|Painted on the building where I live: The man says, "son, obey you parent and teachers|
out of love [for them]".
First to go up the three flights of stairs is the wooden box of a bed. It is empty, and thus not very heavy, but its ungainly form, combined with the low overhead clearance of the stairway requires the we stand and squat in awkward positions and use muscles in our backs and arms that don't often get a workout. For me, it is another triumph of communication, something I certainly couldn't have accomplished with nearly as much grace or poise five months ago. At critical points along the way, I have to listen carefully and follow instructions. At other times it is I who has to describe how to proceed based one what I can see and my moving partner cannot.
|Adorning the street entrance of my building: A shackled taino bride and a Dominican|
flag breaking a chain.
Next, in similar fashion, comes the mattress and finally a couch. On the rooftop across the street I can see the ladies watching me, with boundless amusement, no doubt. From their perspective, each trip up the stairs plays out like a play in three acts, taking place in the exposed landings between flights of stairs. I wave and shout to them, but it is clear they prefer that the fourth wall remain intact.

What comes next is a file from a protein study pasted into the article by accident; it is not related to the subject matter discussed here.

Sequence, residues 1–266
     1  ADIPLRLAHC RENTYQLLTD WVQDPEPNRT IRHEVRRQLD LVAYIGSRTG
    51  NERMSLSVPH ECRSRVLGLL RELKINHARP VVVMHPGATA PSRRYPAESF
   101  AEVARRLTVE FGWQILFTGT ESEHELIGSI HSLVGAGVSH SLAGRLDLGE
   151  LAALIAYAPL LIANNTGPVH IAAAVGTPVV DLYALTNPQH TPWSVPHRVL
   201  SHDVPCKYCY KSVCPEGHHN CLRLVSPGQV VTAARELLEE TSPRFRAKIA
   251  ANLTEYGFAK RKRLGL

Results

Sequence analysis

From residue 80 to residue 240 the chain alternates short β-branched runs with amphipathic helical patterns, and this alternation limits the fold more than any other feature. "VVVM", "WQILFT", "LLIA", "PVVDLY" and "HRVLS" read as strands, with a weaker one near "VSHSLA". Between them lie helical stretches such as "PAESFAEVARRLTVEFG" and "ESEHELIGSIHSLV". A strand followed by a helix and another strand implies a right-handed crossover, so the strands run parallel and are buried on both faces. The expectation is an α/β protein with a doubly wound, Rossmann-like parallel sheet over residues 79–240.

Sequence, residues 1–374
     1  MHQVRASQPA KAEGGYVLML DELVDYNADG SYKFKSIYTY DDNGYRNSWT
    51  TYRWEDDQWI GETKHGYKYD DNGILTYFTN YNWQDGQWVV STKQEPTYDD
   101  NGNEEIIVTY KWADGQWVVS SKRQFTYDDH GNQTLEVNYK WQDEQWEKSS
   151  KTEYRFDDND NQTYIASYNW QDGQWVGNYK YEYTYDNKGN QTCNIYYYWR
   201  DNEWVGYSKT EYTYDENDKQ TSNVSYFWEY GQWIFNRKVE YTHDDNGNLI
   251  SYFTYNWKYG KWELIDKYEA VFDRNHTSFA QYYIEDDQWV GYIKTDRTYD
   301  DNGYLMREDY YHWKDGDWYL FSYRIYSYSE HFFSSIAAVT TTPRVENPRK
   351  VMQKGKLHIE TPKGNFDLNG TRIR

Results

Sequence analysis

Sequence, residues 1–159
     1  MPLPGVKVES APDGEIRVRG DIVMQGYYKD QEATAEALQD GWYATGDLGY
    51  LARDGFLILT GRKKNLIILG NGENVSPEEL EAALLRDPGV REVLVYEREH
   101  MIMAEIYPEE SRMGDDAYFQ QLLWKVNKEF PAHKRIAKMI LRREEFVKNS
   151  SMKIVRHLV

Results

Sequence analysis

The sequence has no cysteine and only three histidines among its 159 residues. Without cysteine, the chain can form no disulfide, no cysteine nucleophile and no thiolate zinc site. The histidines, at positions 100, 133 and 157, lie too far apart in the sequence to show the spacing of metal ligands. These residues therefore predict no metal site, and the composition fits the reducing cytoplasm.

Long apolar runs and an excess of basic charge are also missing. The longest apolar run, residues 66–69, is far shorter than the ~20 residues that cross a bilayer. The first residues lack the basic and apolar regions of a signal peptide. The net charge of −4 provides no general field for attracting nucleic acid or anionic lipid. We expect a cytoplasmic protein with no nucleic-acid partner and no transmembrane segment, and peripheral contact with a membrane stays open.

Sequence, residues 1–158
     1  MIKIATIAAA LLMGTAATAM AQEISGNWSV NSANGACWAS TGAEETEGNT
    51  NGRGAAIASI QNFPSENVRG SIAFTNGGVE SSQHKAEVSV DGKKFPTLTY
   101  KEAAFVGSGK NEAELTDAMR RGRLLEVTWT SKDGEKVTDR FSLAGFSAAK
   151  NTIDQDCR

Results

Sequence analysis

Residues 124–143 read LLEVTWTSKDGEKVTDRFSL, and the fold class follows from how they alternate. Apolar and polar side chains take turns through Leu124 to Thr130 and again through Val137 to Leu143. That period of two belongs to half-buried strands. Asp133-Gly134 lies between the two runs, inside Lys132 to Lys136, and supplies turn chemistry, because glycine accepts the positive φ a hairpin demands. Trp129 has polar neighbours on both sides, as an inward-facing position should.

|The building where I live. It used to be a school. My window is the one in the middle.|
By the time we finish, I am panting and sweating profusely, but I can tell that my neighbor could easily keep going. I'm typical Dominican fashion, nobody says "thank you". Instead I am rewarded with a few minutes conversation and the comfort of knowing that I had done my good deed for the day.